Replicant Android: How to get WiFi and Bluetooth working

Replicant is a version of Android that is fully free-as-in-freedom.  It is currently available for several devices, but does not (as of Jan 7, 2014) include software to make WiFi and Bluetooth work. That software is included in the CyanogenMod version of Android, but is not included in the Replicant version because it is not free .  If you would like to use the freest available version of Android, but you need WiFi and/or Bluetooth to work, it is possible to add back in the non-free WiFi and Bluetooth firmware from CyanogenMod.

Here’s an outline of how to do it, based on my experience getting WiFi and Bluetooth working on my Samsung Galaxy Tab 2 7.0. You might need to make adjustments, but this should make it much easier for you than it was for me.

Part I: Get the non-free firmware files

  1. Install CyanogenMod on your device, using instructions on the CyanogenMod site.
  2. In your computer’s web browser, view the Replicant Status page; then follow the link to your device’s dedicated status page (example); then follow the link (in the technical info section) to a page about firmwares for your device  (example).
  3. On your device, use the Android file manager app included in CyanogenMod to search for each of the firmware files listed on the page about firmwares for my device.  Write down the full path to each one. (You may need to set options to allow the file manager to have superuser or root privileges.)
  4. On your computer, install ADB (Android Debug Bridge, part of the Android SDK).
  5. On your device, enable Android debug mode (ADB).  This setting may be at Settings / Applications / Development or somewhere else in your Android settings, depending on the version of CyanogenMod you installed.
  6. Connect your device to your computer via USB, then open a command prompt window.  Use the ADB “adb pull” command (part of the Android SDK) to copy each of the firmware files you need onto your computer.

Part II: Install Replicant on your device

  1. In your computer’s web browser, view the Replicant Status page; then follow the link to your device’s dedicated status page (example); then follow the link to the installation guide for your device (example); follow those instructions.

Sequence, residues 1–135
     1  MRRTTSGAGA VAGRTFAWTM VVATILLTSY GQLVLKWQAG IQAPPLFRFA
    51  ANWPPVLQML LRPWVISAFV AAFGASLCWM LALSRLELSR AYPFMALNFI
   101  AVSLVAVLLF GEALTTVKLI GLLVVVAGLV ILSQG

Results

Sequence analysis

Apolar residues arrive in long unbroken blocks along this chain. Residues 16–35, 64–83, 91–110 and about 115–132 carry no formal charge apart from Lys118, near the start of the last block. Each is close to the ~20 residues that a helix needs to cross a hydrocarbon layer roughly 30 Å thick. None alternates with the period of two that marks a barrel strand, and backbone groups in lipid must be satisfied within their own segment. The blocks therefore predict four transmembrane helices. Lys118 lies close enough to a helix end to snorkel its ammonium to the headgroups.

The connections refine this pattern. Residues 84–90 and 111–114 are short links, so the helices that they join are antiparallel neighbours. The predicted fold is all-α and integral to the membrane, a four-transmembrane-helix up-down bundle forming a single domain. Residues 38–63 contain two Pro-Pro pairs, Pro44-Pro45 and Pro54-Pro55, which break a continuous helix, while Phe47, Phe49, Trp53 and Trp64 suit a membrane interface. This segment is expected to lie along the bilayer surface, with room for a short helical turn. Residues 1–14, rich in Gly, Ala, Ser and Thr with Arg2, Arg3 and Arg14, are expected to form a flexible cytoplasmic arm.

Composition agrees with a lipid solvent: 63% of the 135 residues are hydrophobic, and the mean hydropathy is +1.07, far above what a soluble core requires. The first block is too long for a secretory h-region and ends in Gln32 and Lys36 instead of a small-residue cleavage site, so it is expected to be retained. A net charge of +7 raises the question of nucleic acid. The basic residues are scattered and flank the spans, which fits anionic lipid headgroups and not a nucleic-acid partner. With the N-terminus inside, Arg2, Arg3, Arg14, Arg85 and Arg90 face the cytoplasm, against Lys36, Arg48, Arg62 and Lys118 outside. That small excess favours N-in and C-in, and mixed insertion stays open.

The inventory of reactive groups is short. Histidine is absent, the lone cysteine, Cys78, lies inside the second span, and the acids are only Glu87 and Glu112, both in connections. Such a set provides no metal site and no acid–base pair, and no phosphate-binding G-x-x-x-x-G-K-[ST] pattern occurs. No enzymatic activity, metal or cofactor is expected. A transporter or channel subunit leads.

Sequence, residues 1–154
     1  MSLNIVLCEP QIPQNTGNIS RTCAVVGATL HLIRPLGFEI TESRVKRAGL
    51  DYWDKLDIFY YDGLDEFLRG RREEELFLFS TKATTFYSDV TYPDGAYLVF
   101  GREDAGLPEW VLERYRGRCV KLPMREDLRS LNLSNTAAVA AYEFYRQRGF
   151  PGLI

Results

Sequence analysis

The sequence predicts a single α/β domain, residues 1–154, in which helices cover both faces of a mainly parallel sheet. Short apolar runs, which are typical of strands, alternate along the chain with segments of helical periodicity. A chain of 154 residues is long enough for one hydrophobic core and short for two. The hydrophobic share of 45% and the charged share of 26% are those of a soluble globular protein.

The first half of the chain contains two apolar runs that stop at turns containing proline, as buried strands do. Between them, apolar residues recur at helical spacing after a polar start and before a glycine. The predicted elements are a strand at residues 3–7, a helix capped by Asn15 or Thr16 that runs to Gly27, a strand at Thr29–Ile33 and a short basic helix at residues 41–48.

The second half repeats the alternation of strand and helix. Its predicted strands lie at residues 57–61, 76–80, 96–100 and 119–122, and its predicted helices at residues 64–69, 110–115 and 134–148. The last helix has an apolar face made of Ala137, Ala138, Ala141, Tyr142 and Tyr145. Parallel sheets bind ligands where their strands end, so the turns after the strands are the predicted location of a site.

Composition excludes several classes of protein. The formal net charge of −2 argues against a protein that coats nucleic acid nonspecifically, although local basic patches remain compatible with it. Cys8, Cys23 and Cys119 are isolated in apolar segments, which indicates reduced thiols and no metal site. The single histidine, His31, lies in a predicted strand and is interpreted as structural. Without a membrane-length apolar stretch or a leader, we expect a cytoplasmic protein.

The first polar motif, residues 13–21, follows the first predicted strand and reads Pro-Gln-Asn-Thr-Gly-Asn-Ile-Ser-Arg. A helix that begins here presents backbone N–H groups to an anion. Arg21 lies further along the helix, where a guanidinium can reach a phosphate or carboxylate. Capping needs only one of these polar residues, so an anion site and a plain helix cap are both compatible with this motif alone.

Part III: Install the firmware files on your device

  1. Download the Google Apps update package for the version of CyanogenMod you installed in Part I.  (The purpose of this step is NOT to install Google Apps – which is non-free software that you probably don’t want on your device – but to use this package as a template for creating an update package for your firmware files.)
  2. Rename it to
  3. Read these instructions to help you understand what you’re doing.
  4. Using your favorite .zip file utility, remove everything in except the “META-INF/com/google/android/” folder. In that folder, keep updater-script and update.binary.  You can remove update-script since it is only needed for Android versions before 1.6.
  5. Add the firmware files for your device to, putting them in the folder locations shown on the firmware page that you found earlier (example).
  6. Edit updater-script in so it will install and set permissions for the firmware files your device needs. As an example, here’s what worked for my Samsung Galaxy Tab 2 7.0:
    ui_print("     WiFi and Bluetooth non-free firmware      ");
    show_progress(1.000000, 0);
    ui_print("  Mounting /system");
    mount("ext4", "EMMC", "/dev/block/mmcblk0p9", "/system");
    ui_print("  Extracting files to /system");
    package_extract_dir("system", "/system");
    ui_print("  Setting permissions...");
    ui_print("  Unmounting /system");
    ui_print("Update complete.");
  7. Follow these instructions to generate keys and use them to sign your update package.  Name the signed version  (These other instructions might also be helpful.)
  8. Copy the signed in the root folder of your device’s SD card.
  9. Reboot the device into recovery mode and use the clockworkmod option to install from the SD card.
  10. Reboot your device and try turning on WiFi and Bluetooth.

6 thoughts on “Replicant Android: How to get WiFi and Bluetooth working”

  1. Hey thanks, this seems to be the only info available, but grant me one question: why isn’t it possible to extract the firmwares directly from the cyanogenmod distribution zip ? Is there something i’m missing?


  2. Hi !It is an excellent thing you are doing here. What I caonnt find is a comment on versions of supported devices. For example, the Galaxy S. There is a Galaxy S II and III as well, and probably different versions of these for different markets. My question is which ones are covered by Replicant ? I think it would be helpful if you wrote a small comment on this type of thing in the articles of each device you support. A simple comment like we have not tested this against version xxx but we think it should work is better than nothing.

  3. Hello Replicant team,I’m a MSc student in free soatrfwe doing a report about Replicant. I would like to do a little interview to one or two members of the project. Is somebody of your team interested in doing this interview? In that case please, may you contact me by email? It just consists in some general questions answered by email, it does not take more than 15 minutes.Thanks a lot

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